The player of Smash Bros. Leaves the pivot tournament match after being frustrated by the public


during smash 2019 regional collision in New Jersey last weekend, a Super Smash Bros. Ultimate The match stopped when one of the competitors got upset in front of the assembled crowd and came out of the scene. This left the tournament organizers upset for over an hour while they were trying to find a solution for both players.

Sunday afternoon, the 2019 collision Super Smash Bros. Ultimate The slice had been reduced to the 32 best players. Tyler "Marss" Martins and Justin "Wishes" Magnetti have been doing well so far and have been meeting on the winning side to decide who would get closer to the finals. While they were entering the fifth and final game of their game, however, Marss was starting to look restless, getting up at one point and shouting something in front of the audience cheering behind them. Moments later, he seemed to give up by moving away from the match, leaving his opponent and the team of commentators stunned.

It did not take long to find out what Marss was so upset about coming back to the broadcast crew. Apparently, someone in the crowd called Marss's game plan – in this case, his propensity to jump after being suspended on the edge of the Samus Suit Samus – which, in his opinion, was a training for his son. opponent. Although nothing in the official 2019 Collision guidelines specifically discourages him, smash the rules dictate that coaching is not allowed. This year's installment of Genesis, one of the largest smash events of the year, directly prohibited coaching during Super Smash Bros. Ultimate competition, and as many such decisions directly impact major tournaments on the regional, such as Collision, it is generally accepted that coaching is not allowed anywhere unless otherwise stated.

Unfortunately, it was not a question of retaking where Marss had abandoned the game, because Wishes, in his confusion, had simply killed the now stationary Zero Suit Samus with his Pokémon coach and ended the match. They needed an official ruling, which Marss hoped to get when he walked away from the scene. After learning about the problem, Riddge "RJ" Mussington, the organizer of the press conference, asked the participant shouting to leave the room, then gathered his staff to discuss the way forward. Half an hour later, they decided to resume the game with two players in two stocks. It was a huge advantage for Marss, who had already lost an action by the time he got up and left, and Wishes asked the tournament staff to disqualify him if that was their decision. From there, RJ discussed the matter with Wishes as the flow continued with additional matches. So they decided to bring the game back to the stock 2-1 difference while artificially doing more damage to Wishes, which would make it better before Marss moved away.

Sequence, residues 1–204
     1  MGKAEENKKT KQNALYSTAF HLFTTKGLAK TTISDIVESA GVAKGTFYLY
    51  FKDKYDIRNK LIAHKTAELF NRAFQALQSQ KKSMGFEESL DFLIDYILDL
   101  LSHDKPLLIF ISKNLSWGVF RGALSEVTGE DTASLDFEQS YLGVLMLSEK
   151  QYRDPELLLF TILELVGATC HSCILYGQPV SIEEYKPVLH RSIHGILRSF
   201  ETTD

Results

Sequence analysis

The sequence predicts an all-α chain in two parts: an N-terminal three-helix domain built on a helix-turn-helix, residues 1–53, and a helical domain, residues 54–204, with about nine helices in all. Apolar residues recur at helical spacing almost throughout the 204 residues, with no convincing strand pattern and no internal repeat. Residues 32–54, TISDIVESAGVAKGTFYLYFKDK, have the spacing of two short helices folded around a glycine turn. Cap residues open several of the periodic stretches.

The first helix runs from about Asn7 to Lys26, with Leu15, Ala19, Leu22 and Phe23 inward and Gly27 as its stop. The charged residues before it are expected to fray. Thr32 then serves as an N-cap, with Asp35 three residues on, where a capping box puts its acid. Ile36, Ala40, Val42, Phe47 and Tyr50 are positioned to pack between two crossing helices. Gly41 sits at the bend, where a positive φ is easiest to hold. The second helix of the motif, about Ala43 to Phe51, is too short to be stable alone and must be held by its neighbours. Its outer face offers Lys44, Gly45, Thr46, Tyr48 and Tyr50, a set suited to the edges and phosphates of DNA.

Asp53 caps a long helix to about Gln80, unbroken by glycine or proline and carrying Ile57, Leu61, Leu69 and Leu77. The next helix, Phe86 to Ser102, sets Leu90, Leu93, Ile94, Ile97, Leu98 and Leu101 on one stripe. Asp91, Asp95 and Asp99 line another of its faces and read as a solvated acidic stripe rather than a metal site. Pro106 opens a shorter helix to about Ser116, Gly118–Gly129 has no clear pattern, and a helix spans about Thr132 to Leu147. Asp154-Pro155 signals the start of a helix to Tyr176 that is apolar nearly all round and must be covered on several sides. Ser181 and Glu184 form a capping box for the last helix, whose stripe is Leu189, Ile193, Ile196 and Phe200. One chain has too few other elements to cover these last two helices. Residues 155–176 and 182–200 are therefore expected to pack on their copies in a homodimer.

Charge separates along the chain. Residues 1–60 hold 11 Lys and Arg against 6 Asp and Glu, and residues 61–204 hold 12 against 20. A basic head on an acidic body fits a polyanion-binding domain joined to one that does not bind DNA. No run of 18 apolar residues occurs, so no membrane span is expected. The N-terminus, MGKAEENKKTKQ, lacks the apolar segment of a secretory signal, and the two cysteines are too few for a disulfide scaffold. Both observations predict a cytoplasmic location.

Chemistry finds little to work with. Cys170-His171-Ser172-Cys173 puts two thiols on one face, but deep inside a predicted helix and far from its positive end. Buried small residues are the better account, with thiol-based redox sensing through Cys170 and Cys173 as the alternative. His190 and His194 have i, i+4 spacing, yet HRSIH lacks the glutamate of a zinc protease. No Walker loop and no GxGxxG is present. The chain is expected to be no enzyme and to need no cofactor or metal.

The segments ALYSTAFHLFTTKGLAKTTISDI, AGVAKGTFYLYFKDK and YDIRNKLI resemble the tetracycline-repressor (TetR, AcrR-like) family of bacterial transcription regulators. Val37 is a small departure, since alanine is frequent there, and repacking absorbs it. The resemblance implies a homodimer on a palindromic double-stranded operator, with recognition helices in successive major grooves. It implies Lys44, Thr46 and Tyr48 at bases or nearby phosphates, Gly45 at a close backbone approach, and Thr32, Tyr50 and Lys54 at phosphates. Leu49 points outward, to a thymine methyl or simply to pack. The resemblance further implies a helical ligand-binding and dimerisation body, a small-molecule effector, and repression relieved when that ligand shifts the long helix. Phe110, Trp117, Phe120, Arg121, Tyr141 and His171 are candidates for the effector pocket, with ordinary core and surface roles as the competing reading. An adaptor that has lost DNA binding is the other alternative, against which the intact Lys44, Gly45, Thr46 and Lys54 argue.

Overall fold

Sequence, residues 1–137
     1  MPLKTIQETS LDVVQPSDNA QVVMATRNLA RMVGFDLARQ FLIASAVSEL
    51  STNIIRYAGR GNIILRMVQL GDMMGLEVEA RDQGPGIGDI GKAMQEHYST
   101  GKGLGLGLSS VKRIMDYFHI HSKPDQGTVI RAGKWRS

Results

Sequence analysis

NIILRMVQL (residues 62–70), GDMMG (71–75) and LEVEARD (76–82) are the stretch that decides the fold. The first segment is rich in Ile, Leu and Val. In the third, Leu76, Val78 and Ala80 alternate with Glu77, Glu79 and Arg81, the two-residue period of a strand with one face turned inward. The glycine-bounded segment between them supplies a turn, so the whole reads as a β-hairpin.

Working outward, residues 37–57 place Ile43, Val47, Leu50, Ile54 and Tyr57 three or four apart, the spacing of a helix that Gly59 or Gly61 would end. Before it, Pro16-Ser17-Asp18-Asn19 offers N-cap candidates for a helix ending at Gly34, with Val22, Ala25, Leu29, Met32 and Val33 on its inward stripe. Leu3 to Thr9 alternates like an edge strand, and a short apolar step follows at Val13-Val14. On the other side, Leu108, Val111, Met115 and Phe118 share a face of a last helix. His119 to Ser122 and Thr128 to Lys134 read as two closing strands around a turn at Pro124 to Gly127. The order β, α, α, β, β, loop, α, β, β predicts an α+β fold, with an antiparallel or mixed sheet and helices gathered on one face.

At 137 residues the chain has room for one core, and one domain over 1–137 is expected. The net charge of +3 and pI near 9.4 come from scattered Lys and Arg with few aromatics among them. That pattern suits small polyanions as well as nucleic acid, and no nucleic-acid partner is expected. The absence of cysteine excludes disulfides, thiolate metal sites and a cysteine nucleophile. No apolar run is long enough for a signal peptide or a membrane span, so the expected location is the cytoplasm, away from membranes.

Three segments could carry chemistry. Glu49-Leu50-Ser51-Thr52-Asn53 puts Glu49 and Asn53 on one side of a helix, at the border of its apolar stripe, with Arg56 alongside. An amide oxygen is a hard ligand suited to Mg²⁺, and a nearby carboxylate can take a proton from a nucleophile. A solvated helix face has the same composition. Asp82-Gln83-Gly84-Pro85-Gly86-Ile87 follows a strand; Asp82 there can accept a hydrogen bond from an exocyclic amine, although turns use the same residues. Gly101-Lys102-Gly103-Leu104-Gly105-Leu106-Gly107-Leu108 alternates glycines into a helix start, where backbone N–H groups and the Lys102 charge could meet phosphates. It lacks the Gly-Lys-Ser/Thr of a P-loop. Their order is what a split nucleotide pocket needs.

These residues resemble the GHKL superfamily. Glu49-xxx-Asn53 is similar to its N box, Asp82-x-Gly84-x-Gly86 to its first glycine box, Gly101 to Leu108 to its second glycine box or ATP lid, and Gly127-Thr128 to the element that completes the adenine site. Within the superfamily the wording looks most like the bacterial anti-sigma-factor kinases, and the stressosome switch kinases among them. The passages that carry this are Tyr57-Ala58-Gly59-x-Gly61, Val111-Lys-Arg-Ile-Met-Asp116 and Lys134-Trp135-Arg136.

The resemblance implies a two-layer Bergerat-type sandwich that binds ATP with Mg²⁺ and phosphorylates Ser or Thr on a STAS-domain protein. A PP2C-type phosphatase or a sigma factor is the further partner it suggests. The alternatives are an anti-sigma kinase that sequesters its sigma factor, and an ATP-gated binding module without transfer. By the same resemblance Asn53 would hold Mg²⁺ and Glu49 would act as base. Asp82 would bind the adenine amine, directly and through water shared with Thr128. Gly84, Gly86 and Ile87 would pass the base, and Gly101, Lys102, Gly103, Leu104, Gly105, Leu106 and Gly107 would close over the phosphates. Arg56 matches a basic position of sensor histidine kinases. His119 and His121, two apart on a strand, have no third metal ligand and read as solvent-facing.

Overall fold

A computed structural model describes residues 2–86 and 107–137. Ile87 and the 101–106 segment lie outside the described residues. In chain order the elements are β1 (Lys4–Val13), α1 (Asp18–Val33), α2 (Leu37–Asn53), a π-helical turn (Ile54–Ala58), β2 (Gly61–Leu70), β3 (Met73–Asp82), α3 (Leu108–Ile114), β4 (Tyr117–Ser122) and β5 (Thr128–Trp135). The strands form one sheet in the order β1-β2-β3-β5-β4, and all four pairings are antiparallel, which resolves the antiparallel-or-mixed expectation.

After an hour and a half of deliberations, Marss and Wishes finally returned to the stage to finish their match. Marss won but neither player seemed happy. The audience looked deflated. The excitement of the match had been ruined. Marss would win the entire tournament, while Wishes would retire from Collision 2019 in ninth place.

"I am extremely upset that this situation has occurred, but I am also extremely pleased to have been able to work with Marss and Wishes to achieve a reasonable solution with which both parties felt comfortable. agreement, "explained RJ on Twitter after the situation. resolved. Wishes' publications on social media, however, were different. While there recognized that it was a shitty situation for everyone involved, Wishes still mentioned to feel "stolen" and that it was a "little thing" for Marss to get angry. "Also, anyone who thinks I'm coached can be a shit," he added. Marss is defended from community members who felt that it was too dramatic, claiming"I get up, and that's more than many of you can say." Naturally, he also had a much more rosy perspective at the turn of events as his opponent, calling Collision "extraordinary tournament".

The fighting game community is very different from other players in that the contestants play a lot of their games, whether near or in the middle of the crowd. When the finals can take place on a distant stage of the audience, all of the above takes place on the ground, creating a unique atmosphere that can not be found anywhere else. Some players thrive in this type of environment and others have to adapt. Many combat game players (including wishes) have made comparisons with a Tekken 7 match at Final Round, a traditional fighting game tournament held the same weekend as Collision. In the video below, a group of spectators sing and dance around two players, one of whom, Ricky "Pokchop" Walker, the Atlanta media drummer, obviously feeds on energy. Did it help beat the opponent? Is this coaching? I guess it depends on which side of the game you're sitting on.

In the case of Collision 2019, the organizers felt that there was a thin dividing line between encouraging a friend and helping him with outside information. They therefore decided that Marss had a valid reason to call them when he had abandoned Wishes in the center. of their match and left on the crowd. But how does Pazda feel, the participant at Collision who shouted at Wishes and was finally ejected from the tournament?

"It was not a training," he explained. "To say that coaching is like saying to a math test that the answer to 2 + 2 is cum."

Well, that fixes that.

Ian Walker loves fighting games and likes to write about them even more. You can find it on Twitter at @iantothemax.

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